Recently, BeepBeep!, an instant grocery delivery app for Southeast Asia based on the dark store model, apparently shut its operations, after raising a $6 million “pre-seed” round earlier this year.
And just this week, the troubles at HappyFresh, a regional 3rd party grocery delivery service, and Tanihub, an Indonesian B2B/B2C play, became public thanks to TechinAsia’s relentless reporting. As a result, HappyFresh just shut its Thailand and Malaysia operations, with Indonesia the only market standing.
I still remember back in May, a few friends living in Singapore were telling me how amazing BeepBeep! was: “It is incredibly good. It has all the vegetables and fruit; its riders are well trained and polite – much better than Foodpanda and Grab”.
My response to them ranged from “Use it as much as you can, while you still can”, to “If a digital lending service gives you money instantly, and tells you no need to repay, you will be praising its service as well”.
In early July one amongst this cohort of friends said “BeepBeep!’s business seems to be doing well – items are always sold out”. At the end of the same month, the same friend said “I can’t use BeepBeep! anymore. They have removed all the fresh items, with only FMCG left. Why would I buy FMCG from them?”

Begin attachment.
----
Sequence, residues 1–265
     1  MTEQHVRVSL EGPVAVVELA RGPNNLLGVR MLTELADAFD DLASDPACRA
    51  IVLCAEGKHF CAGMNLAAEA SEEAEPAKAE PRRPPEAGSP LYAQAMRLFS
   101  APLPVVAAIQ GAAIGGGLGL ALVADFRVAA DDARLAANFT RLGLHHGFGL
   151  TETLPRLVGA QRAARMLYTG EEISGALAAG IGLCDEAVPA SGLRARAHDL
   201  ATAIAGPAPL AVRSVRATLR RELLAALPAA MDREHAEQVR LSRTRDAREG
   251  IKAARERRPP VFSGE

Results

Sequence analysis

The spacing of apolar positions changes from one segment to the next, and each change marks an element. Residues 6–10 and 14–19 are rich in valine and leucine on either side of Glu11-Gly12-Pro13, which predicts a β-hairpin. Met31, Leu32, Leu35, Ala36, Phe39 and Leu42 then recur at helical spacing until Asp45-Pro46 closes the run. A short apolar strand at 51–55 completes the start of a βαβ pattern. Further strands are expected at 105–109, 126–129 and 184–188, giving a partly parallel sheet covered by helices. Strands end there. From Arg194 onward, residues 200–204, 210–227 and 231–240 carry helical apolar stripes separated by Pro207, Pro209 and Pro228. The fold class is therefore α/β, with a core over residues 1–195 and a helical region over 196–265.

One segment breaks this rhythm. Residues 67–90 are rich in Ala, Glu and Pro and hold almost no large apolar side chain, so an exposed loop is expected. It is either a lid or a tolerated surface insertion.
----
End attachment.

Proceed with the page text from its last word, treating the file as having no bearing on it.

Apparently what happened at BeepBeep!, according to friends who are close to their operations, is that they are simply following the directions of their investors. When investors complained about the lack of variety, they increased the assortment; when the same investors asked, a few weeks later, why the wastage had gone up so much – the team reversed on the assortment.
A team that is very easily swayed by their investors, or other stakeholders, always gives a warning sign. It seems something similar happened at HappyFresh: they went to build a 1P supermarket with dark stores after raising the US$65 million series D last year.
Even though dark stores were in the mode of the time, the founders/management should have known the dangers/risks/capital investments associated with running a dark store model, especially when Grab, Foodpanda and Shopee were lurking around like sharks. HappyFresh, which of all the companies had a number of near death experiences, should have known this danger particularly well.
Investors or the market pressuring you for quick growth does not mean you should actually actively pursue that strategy. Chinese cross border fashion platform SheIn, which we discussed in detail in the “Who is SheIn report” recently, clearly withstood investor pressure to fix their supply chain back in 2017 – and now their growth is solid, and unstoppable.
We do see a few earlier stage companies in Southeast Asia exhibiting the same founder confidence/determination. Alas, it is not that common – too many founders are not that sure of themselves doing the right thing, and become swayed by investors (or others) too easily.
I had a long chat with two founders who, after having burnt more than 30 millions of dollars of venture money(collectively), recently decided to shut their respective ventures.
The biggest lessons learnt? Not surprisingly both gave the same answer: “When an entrepreneur takes the opportunistic decision to build a venture, he or she would find it very hard to sail through very tough times.”
“You need to really believe the thing you are building,” one of them stressed.
And I agree.